Hirakud Water Shortage: Chhattisgarh’s Barrages Or Their Lack In Odisha To Blame?

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Bhubaneswar: The mighty Hirakud dam is low on water. Is Chhattisgarh to be blamed or is it climate change or Odisha’s mismanagement? Let’s find out.

Deficit Rain

Experts point out that the current problem is due to deficit rainfall in the upper catchment region of the Mahanadi. “Climate change is the reason why we are receiving deficit and irregular rainfall. There has to be new plans that will help us adapt to climate change,” explained water activist Ranjan Panda.

Chhattisgarh

While both Odisha and Chhattisgarh are at loggerheads, experts such as Sudarsan Patnaik of Mahanadi Bachao Andolan had noted in a recent event that Chhattisgarh was illegally building 1,802 structures on the river.

However, Lalit Patnaik, a retired engineer and secretary of Swabhimaan Odisha Mancha,  said the neighbouring state was only responsible for water shortage in the Hirakud dam in the non-monsoon months. “We used to receive 2 million cubic metre (MCM) of water during the non-monsoon time, but now it has reduced to only 0.7 MCM,” he said.

Patnaik explained how Chhattisgarh has built 8 barages, starting 30 km from the Hirakud dam at Kalma. These barrages supply around 1,200 MCM water to 45 industries in Chhattisgarh. “During monsoon, water comes in and there isn’t a shortage as they cannot hold so much water,” he said.

Kalma Barrage In Chhattisgarh, 30 Km From Hirakud Dam

Odisha 

Patnaik alleged that the Odisha government has not delivered on its promise to build 24 anicuts (smaller barrages) in the small feeder rivers such as Aung and seven barrages on the main Mahanadi river. These would be crucial to store rainwater falling inside Odisha, he explained. “Where will the rainfall in the lower regions go?”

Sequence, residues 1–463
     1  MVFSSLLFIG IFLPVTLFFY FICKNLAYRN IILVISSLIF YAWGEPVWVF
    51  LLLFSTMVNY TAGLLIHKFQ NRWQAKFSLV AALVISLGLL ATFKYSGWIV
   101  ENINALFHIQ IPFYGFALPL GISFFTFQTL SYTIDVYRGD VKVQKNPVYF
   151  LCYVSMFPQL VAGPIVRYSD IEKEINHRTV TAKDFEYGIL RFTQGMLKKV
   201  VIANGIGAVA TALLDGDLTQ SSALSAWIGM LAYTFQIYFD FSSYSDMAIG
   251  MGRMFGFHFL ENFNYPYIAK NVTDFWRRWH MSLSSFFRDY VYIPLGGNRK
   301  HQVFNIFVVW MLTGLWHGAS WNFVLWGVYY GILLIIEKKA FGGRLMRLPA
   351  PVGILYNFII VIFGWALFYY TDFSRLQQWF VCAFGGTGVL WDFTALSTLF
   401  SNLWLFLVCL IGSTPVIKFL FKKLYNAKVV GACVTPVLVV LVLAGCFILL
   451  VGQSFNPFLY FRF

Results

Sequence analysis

Forests

Replanting of lost forests and creation of new ones are extremely essential, said Panda. Also, there has to be an effort to conserve flood plains and include them in the green zone. “As far as urbanisation is concerned, we need de-concretisation to whatever extent we can,” stated Panda. “Mining, particularly of coal, should be reduced from the point of view of climate change,” he added. There is also a need to harvest rainwater in urban areas as this is what is leading to flooding of roads in cities, he explained.

He also stated that it is important to plant native trees carefully by keeping local people and farmers in the loop. If things are carried out in an agro-ecological model, then it will be more effective.

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